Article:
Amp and AV Reciever Question??

Discussion in 'AV Receivers & Amplifiers' started by Live Night Owl, Jan 5, 2007.

  1. Live Night Owl

    Live Night Owl
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    Just wanted to know what the difference between an Amp and an AV Reciever is. What does each one do. Also which one would I be better off buying (I'm looking to buy a surround sound kit).

    One more quick question, I was reading that some (or all) AV Receivers have component inputs on the back. But what are these used for? Aren't component inputs used for Video?
     
  2. ssuellid

    ssuellid
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    Generally an amp does not do any decoding or processing - e.g. they don't have Dolby Digital or DTS decoding built in. A receiver does.

    So with an amp you would need a seperate processor or a source with a decoder built in.

    Traditionally, before AV, a receiver was just an amp with a built in radio.
     
  3. Knyght_byte

    Knyght_byte
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    Just to tidy this up a little altho in essence it is correct....

    Integrated Stereo Amplifier = Source switching and two channel amplification in one box

    Integrated Stereo Receiver = Source switching, two channel amplification and radio tuner (normally analogue but probably by now some DAB)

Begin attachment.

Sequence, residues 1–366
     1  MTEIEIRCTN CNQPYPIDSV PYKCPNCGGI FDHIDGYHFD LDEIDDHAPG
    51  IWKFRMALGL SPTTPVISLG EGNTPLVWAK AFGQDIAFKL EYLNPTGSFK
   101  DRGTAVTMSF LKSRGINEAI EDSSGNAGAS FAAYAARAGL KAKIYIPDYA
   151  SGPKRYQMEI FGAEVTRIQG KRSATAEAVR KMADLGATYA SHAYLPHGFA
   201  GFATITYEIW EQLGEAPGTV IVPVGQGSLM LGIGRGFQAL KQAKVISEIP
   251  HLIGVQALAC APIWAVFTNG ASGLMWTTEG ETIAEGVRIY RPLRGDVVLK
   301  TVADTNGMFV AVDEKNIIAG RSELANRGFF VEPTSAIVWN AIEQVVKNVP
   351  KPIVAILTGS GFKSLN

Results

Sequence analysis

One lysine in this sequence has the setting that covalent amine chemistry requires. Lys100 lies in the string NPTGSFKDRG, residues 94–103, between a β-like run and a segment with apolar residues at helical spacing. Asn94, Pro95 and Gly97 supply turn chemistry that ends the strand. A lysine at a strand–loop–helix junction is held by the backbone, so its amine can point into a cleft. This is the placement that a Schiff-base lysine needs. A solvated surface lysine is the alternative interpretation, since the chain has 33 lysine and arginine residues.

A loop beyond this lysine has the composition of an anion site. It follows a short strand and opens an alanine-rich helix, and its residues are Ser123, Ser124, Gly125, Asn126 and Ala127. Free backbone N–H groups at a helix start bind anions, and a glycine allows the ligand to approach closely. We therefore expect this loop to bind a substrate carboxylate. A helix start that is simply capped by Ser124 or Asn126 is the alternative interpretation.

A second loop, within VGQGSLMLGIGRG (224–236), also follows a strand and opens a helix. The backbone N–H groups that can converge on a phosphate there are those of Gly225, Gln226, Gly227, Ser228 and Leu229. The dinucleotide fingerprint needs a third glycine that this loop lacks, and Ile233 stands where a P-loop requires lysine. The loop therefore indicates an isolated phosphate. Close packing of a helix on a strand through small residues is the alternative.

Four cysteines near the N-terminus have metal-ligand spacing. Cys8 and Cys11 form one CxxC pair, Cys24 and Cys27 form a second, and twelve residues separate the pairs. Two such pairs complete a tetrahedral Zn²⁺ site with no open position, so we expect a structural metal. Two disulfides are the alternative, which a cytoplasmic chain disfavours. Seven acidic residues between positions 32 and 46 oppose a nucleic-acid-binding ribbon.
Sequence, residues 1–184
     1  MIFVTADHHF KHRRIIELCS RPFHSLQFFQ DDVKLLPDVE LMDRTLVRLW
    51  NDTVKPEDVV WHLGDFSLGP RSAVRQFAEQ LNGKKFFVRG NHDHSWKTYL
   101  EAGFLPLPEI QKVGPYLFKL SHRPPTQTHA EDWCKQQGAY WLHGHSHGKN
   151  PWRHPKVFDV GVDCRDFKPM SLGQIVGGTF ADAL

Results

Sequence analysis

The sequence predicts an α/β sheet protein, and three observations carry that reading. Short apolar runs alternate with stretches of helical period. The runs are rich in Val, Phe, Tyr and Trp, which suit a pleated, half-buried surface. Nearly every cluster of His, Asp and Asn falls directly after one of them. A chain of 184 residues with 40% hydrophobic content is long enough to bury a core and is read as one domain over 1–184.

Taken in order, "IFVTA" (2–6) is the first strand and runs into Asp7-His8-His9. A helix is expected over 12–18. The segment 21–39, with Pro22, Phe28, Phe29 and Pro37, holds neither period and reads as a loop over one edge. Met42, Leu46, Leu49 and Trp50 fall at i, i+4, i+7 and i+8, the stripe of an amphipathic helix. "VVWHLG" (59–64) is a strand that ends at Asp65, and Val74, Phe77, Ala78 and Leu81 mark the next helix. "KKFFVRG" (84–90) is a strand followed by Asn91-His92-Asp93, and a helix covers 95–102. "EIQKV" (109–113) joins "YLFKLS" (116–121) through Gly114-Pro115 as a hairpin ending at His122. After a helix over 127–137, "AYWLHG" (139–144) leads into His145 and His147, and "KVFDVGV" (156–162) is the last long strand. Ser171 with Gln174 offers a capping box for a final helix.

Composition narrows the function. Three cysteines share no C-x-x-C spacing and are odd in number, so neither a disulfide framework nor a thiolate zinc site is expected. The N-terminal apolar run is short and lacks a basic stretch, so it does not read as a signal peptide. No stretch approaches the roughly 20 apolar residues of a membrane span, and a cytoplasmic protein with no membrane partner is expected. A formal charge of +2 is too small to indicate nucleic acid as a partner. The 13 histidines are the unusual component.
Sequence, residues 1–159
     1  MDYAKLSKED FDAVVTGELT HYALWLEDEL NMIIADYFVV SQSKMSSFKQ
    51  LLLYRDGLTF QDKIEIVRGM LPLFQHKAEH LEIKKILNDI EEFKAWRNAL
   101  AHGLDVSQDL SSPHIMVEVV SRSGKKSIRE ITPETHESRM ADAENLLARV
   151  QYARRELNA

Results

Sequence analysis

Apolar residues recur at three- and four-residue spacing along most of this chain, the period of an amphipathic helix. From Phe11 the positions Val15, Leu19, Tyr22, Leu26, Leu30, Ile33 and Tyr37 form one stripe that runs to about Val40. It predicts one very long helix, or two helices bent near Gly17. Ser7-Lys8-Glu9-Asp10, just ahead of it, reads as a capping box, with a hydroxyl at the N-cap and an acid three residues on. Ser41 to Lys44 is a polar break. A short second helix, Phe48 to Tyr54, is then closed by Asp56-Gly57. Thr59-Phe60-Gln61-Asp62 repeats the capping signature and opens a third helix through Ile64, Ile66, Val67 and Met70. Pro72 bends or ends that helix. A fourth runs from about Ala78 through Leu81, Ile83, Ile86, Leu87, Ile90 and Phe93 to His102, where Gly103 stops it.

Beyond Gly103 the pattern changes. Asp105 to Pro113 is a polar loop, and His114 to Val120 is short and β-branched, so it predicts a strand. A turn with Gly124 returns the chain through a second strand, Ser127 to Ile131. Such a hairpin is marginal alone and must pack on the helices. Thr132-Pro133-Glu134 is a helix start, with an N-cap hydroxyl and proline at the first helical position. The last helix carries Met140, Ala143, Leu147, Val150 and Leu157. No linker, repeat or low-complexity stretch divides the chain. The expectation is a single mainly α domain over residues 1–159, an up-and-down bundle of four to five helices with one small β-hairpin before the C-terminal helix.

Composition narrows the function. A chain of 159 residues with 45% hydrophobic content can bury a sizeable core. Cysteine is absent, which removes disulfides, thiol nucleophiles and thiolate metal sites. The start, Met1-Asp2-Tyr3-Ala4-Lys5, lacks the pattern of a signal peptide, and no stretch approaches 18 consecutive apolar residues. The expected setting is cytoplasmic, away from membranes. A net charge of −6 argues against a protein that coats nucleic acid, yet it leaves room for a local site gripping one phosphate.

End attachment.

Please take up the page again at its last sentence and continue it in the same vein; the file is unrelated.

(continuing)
Hifi Pre-Amp = Source switching only

    Hifi Power Amp = Amplification only, can be single channel (Monobloc) or two channel (stereo)

    AV Integrated Amp = Source switching, audio decoding, audio amplification and in more recent times video switching and conversion plus sometimes scaling

    AV Integrated Receiver = Same as AV Integrated Amp but with radio tuner built in as well (again normally lanalogue, but recently one or two i believe have DAB)

    AV Processor = Source switching, audio decoding (possibly encoding too on some expensive models) and sometimes video abilities too

    AV Power Amp= Purely amplification, normally either single channel, two channel, three channel, five channel or seven channel. Not usually any difference over Hifi Power Amps apart from some having more channels



    As for the component input question, some people like to run everything to the receiver/amp for easier switching purposes and having only one cable going from receiver/amp to their chosen Display (TV, Projector etc)
    Normally it will do nothing at worst, although its possible some models might not have implemented their video abilities very well and could degrade the signal, in other cases some can apply scaling etc which could improve the signal, it usually depends on what other equipment you have in the system and a few other factors.
     

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